One of the biggest stories during the 2013 Super Bowl week was when San Francisco 49ers cornerback Chris Culliver made anti-gay remarks in an interview during media day. Culliver told a radio host that he would not welcome a gay teammate, especially in the locker room. The next day, under much pressure, he apologized for his comments.
The good news is these comments are no longer being tolerated by the American public or by professional sports leagues, and an athlete risks losing commercial endorsements and even his career if he makes such intolerant remarks. The bad news is many athletes seem blissfully unaware of how America has evolved on this issue.
Outfielder Torii Hunter is another athlete who ignited controversy by stating he would be uncomfortable playing alongside a gay athlete. Like many who take such a position, Hunter cited his religious upbringing as the justification for his stance. Facing criticism, Hunter used twitter to walk back his comments.
It should be remembered that religious faith is the very reason slave owners gave for the continuation of that heinous system; slavery was in the Bible and therefore it was justified and a legitimate way of life. However, slavery had outlived its time and not even the Bible could give it sanction.
The Bible says many things we no longer use to condemn or oppress people. For example, Luke 16:18 says, “Anyone who divorces his wife and marries another commits adultery, and he who marries a woman divorced from her husband commits adultery.” But in today’s society we do not ostracize anyone who is divorced and we do not consider them to be adulterers. 1 Corinthians 14:34-35, Ephesians 5:21-24, and 1 Timothy 2:11-14 have to do with women keeping silent in the church and being submissive and subordinate to men, yet today our society does not try to limit women or keep them from aspiring to high political, business and social statuses.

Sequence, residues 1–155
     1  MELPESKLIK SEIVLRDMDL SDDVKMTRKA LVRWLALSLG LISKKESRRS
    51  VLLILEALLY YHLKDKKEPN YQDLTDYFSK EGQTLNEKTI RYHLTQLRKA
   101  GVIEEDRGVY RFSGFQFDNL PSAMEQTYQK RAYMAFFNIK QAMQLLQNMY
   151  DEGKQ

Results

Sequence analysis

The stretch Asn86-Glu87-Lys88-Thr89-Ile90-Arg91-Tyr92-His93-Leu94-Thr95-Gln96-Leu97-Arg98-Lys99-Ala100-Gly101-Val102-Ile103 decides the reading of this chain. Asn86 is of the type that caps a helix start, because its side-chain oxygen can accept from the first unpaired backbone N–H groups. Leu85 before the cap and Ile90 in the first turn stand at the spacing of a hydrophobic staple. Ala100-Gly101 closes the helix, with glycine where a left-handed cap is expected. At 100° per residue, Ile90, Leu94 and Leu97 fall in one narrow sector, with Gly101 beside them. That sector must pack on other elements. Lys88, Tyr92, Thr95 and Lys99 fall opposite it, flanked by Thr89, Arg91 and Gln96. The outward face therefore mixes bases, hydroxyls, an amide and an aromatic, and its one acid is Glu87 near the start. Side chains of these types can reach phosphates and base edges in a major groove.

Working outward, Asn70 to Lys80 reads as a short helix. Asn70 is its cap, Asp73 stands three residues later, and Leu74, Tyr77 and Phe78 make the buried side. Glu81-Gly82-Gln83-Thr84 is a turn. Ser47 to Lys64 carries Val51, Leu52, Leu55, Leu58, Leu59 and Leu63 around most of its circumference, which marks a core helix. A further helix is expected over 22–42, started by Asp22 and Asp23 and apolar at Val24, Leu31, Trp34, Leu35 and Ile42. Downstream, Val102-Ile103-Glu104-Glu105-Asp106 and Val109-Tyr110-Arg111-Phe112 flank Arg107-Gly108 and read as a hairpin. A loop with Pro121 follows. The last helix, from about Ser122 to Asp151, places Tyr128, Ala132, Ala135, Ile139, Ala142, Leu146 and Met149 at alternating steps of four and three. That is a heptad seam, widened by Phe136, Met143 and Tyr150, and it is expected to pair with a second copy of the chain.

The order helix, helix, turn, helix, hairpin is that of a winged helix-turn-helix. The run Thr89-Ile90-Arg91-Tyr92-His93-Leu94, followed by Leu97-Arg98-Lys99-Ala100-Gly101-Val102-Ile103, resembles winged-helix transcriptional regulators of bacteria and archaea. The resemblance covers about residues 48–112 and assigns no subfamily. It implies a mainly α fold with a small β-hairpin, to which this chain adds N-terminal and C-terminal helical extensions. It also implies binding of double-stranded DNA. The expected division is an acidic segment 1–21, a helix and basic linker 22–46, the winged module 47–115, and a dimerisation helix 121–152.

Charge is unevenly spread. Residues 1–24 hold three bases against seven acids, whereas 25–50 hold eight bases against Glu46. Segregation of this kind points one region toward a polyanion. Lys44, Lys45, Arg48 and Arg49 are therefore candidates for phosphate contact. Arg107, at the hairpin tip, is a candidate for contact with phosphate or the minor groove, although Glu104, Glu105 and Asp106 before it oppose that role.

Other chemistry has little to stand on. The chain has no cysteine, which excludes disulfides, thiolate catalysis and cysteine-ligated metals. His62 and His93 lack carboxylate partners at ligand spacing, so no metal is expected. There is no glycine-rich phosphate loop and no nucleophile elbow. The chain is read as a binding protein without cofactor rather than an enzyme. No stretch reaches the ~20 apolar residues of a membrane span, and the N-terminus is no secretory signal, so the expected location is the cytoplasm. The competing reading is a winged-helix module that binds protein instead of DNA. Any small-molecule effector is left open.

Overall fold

Athletes who have been publicly chastised for making derogatory remarks about gays are often defended by reactionaries who scream that it is political correctness. But for professional sports franchises and organizations, this has much more to do with good business practices than morality or political correctness. If you are the San Francisco 49ers and play in a city with a very large gay population, having one of your players making anti-gay remarks is simply bad for business.
Athletes must be made aware that they are in business and the worst thing for business is to say and do things that drive away customers. Sports teams are all about trying to expand their fan bases, not contract them. Athletes should also be made aware that gay rights is the civil rights issue of the early part of the 21st century, and just as it became time to welcome Jackie Robinson and push aside those who would stand in his way, it is now time to welcome the openly gay athlete and shove aside those who resist this progress.